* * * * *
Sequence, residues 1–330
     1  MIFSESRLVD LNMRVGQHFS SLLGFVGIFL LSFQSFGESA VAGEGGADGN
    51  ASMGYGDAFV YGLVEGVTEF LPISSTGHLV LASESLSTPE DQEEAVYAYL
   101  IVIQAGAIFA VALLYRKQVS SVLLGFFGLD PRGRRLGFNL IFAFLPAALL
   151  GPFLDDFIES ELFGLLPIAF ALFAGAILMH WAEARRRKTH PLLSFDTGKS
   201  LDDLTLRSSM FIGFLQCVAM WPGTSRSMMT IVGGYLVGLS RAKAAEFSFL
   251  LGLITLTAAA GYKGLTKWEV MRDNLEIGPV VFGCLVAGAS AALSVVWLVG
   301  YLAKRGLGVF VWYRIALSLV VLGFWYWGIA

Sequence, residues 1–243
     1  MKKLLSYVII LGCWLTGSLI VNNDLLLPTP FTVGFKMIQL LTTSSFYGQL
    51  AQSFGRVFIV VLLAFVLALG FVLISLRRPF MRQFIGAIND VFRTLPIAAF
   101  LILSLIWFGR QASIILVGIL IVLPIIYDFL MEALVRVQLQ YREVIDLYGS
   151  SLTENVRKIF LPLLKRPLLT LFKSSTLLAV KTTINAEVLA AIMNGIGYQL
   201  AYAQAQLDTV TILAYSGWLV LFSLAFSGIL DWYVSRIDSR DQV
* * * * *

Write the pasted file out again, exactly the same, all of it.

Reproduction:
Sequence, residues 1–330
     1  MIFSESRLVD LNMRVGQHFS SLLGFVGIFL LSFQSFGESA VAGEGGADGN
    51  ASMGYGDAFV YGLVEGVTEF LPISSTGHLV LASESLSTPE DQEEAVYAYL
   101  IVIQAGAIFA VALLYRKQVS SVLLGFFGLD PRGRRLGFNL IFAFLPAALL
   151  GPFLDDFIES ELFGLLPIAF ALFAGAILMH WAEARRRKTH PLLSFDTGKS
   201  LDDLTLRSSM FIGFLQCVAM WPGTSRSMMT IVGGYLVGLS RAKAAEFSFL
   251  LGLITLTAAA GYKGLTKWEV MRDNLEIGPV VFGCLVAGAS AALSVVWLVG
   301  YLAKRGLGVF VWYRIALSLV VLGFWYWGIA

Sequence, residues 1–243
     1  MKKLLSYVII LGCWLTGSLI VNNDLLLPTP FTVGFKMIQL LTTSSFYGQL
    51  AQSFGRVFIV VLLAFVLALG FVLISLRRPF MRQFIGAIND VFRTLPIAAF
   101  LILSLIWFGR QASIILVGIL IVLPIIYDFL MEALVRVQLQ YREVIDLYGS
   151  SLTENVRKIF LPLLKRPLLT LFKSSTLLAV KTTINAEVLA AIMNGIGYQL
   201  AYAQAQLDTV TILAYSGWLV LFSLAFSGIL DWYVSRIDSR DQV